This blog post was originally posted on Bloom Growth's website.
Most adults spend 40-45 hours a week at work. That’s one third of our lives in the same field, with the same responsibilities (for the most part) day-in and day-out. It’s…a lot. But if your employees are filling the right seat at the company, you’re pretty much guaranteed to see results—and your team is going to be inspired to work harder and, better yet, be way happier.
What is a “right seat”? Glad you asked!
Everyone has talents, and hopefully, they use those talents to excel at (and enjoy) their career. But to do that, employees need to be in a position to use those talents. Someone who’s struggling isn’t necessarily a “bad” employee; they might be the right person, just not in the right seat.
Before hiring, define who the “right people” are
Every company is different. Someone who flourishes in a fast-pace, large-scale environment might struggle in a self-motivated, smaller setting, and vice versa. So, before you begin the hiring process, ask yourself, “Who exactly are we looking for?”
Take a step back, and consider the following criteria when hiring someone new:
- Connection to your company’s core values
- Experience level
- Ability to meet expectations (logistics, location, etc.)
How important are these factors in your company’s hiring process? Which is the most important to you? The least? Why? What are your deal-breakers?
Spoiler alert: There’s no right or wrong answer. This exercise is just to get you thinking about your company’s unique needs, as well as who you should be hiring.
Make sure your team members are in the right position
You can have the best team in the world—but if they’re not filling roles they understand, want or have the ability to do, you’re not getting the most out of your team (and they’re probably not very happy in their position, either).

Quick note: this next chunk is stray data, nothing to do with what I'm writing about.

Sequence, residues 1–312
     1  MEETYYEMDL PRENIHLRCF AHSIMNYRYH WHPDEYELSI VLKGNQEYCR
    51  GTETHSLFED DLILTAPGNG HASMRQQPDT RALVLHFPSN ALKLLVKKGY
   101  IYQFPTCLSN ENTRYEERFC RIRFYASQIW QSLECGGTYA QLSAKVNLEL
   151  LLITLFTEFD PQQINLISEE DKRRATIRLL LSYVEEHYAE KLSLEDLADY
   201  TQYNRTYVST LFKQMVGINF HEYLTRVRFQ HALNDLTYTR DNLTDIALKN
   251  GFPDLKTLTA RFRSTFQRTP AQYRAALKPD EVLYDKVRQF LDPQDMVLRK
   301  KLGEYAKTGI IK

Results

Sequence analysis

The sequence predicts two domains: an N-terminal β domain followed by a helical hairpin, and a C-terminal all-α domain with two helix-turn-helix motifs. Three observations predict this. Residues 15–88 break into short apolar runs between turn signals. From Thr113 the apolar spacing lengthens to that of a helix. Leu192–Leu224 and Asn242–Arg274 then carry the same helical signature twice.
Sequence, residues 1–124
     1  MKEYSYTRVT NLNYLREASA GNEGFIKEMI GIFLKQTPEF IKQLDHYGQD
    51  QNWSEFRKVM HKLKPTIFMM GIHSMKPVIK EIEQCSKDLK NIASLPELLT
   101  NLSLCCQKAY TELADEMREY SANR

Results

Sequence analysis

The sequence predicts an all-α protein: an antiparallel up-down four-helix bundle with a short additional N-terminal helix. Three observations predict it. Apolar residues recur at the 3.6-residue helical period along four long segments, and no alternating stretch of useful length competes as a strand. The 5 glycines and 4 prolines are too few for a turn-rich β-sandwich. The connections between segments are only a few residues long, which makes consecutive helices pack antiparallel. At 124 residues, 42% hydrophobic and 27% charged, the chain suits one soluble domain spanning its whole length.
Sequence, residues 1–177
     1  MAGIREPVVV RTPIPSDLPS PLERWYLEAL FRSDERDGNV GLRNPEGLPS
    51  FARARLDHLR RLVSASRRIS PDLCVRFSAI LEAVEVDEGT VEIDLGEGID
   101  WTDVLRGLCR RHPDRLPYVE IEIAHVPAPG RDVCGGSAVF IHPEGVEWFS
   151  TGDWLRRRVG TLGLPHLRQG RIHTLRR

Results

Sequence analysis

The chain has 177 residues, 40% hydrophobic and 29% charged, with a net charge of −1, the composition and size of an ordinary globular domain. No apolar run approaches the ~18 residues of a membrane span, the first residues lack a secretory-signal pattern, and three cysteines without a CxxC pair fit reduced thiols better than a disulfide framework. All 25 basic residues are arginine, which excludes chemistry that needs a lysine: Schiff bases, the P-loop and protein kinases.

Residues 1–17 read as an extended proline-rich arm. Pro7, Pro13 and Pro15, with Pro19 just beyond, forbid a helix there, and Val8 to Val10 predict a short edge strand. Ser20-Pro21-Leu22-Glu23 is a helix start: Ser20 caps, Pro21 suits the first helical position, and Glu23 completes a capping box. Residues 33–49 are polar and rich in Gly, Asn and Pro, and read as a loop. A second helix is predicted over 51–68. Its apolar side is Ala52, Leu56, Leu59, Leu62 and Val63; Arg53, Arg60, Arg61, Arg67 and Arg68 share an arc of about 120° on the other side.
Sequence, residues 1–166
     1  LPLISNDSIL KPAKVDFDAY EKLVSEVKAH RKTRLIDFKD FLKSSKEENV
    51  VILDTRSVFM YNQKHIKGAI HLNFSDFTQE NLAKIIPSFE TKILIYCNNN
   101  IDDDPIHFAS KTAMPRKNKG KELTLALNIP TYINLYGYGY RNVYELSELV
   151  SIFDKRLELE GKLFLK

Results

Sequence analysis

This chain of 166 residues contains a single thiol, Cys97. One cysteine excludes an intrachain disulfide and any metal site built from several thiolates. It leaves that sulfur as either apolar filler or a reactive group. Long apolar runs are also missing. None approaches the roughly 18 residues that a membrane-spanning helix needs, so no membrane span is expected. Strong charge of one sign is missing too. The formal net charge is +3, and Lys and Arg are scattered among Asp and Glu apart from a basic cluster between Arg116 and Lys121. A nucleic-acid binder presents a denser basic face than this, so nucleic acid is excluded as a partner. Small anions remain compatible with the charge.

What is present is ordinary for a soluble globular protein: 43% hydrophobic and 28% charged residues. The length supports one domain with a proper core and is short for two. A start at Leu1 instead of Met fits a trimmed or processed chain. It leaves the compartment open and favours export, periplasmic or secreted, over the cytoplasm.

If you already have regular meetings with your direct reports, weave this idea into the conversation. Ask them, in a respectful way, how they feel about their position. Make it clear that you are genuinely open to receiving an honest answer, for both your benefit and theirs. If they ask for it, give them feedback. Align on their goals, struggles and wins. Let them guide you to understanding, and use that knowledge to either keep them satisfied in their current role, or discuss transitioning them to a role that better suits their experience, personality or capacity.
If you’re not already having regular meetings with your direct reports, we strongly recommend doing so. Annual performance reviews are great, but monthly (or even weekly!) check-ins honestly work wonders. When it comes to optimizing your team, communication is everything.
Prioritize your company culture
Having qualified, experienced employees is great…but what about nice, fun employees?
If a prospect won’t fit well with your company culture, it doesn’t mean they’re a bad person. It just means they’re not the right person for your organization—there just isn’t a right seat for them to fill.
And on the flipside, an inexperienced candidate who fits perfectly with your culture can always learn as they go. But you can’t teach someone to align with a culture they don’t internalize and empathize with.
Don’t be shy about putting your company culture first. It boosts workplace team-building and communication, and can lead to long-term employee satisfaction (i.e. getting that turnover rate down, meaning big savings to your bottom line!). In fact, some hiring managers explicitly look for inexperienced candidates, and for good reason. Fostering a team that’s productive, experienced and fun is nothing to shake a stick at.
Putting it all together
The right people in the right positions make all the difference. Seriously, we mean it! It improves employee satisfaction and productivity, helps enrich your culture and leaves a positive, lasting impact on the numbers.
Define who you’re looking for. Make sure they’re happy. And once that’s done, keep them engaged with a strong, meaningful company culture. Your employees (both current and future) will thank you for it.